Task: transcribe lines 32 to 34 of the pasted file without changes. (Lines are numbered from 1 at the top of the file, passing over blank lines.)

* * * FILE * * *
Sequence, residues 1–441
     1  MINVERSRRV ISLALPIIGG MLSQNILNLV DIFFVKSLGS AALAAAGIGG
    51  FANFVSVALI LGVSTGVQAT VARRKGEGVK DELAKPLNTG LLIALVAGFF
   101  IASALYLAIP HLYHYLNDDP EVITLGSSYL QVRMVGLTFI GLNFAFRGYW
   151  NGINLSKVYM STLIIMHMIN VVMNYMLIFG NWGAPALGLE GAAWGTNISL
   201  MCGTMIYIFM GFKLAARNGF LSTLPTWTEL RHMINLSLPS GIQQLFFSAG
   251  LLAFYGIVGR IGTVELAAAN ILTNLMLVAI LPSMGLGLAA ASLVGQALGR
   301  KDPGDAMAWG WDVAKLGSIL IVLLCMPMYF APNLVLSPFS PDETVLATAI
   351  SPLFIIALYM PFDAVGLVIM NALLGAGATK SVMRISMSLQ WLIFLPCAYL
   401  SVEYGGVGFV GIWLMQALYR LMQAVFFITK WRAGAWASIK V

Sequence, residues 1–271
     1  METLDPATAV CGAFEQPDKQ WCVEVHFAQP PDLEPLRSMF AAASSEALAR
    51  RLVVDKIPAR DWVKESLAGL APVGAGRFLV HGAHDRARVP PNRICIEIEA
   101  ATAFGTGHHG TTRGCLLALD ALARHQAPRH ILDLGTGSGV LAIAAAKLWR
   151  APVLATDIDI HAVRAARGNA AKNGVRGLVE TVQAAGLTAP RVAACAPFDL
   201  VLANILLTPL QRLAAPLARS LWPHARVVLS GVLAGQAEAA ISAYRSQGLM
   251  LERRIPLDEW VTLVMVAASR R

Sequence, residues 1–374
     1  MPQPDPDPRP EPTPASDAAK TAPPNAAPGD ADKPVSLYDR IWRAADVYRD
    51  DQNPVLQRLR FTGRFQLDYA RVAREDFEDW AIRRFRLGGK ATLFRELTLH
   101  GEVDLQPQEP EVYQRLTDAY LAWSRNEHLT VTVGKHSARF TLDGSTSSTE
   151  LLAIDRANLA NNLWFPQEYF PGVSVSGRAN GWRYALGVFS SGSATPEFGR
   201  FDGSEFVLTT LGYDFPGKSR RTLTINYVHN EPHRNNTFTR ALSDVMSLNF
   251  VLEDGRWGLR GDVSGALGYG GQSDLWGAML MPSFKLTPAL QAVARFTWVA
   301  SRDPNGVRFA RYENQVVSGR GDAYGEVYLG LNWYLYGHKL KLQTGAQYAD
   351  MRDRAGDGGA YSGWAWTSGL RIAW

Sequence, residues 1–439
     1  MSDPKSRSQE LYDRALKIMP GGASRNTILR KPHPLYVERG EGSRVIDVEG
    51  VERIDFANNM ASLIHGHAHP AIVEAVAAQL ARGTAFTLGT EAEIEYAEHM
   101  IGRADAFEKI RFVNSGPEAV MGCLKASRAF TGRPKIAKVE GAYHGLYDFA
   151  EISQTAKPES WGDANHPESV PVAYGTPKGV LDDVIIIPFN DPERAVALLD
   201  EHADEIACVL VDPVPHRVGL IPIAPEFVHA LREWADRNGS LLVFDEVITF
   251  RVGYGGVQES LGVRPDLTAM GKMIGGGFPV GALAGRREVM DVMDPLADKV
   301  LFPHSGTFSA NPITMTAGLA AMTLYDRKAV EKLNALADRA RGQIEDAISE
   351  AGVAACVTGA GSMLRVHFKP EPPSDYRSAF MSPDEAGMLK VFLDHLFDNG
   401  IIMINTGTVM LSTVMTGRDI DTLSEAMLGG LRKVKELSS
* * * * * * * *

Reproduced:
   201  EHADEIACVL VDPVPHRVGL IPIAPEFVHA LREWADRNGS LLVFDEVITF
   251  RVGYGGVQES LGVRPDLTAM GKMIGGGFPV GALAGRREVM DVMDPLADKV
   301  LFPHSGTFSA NPITMTAGLA AMTLYDRKAV EKLNALADRA RGQIEDAISE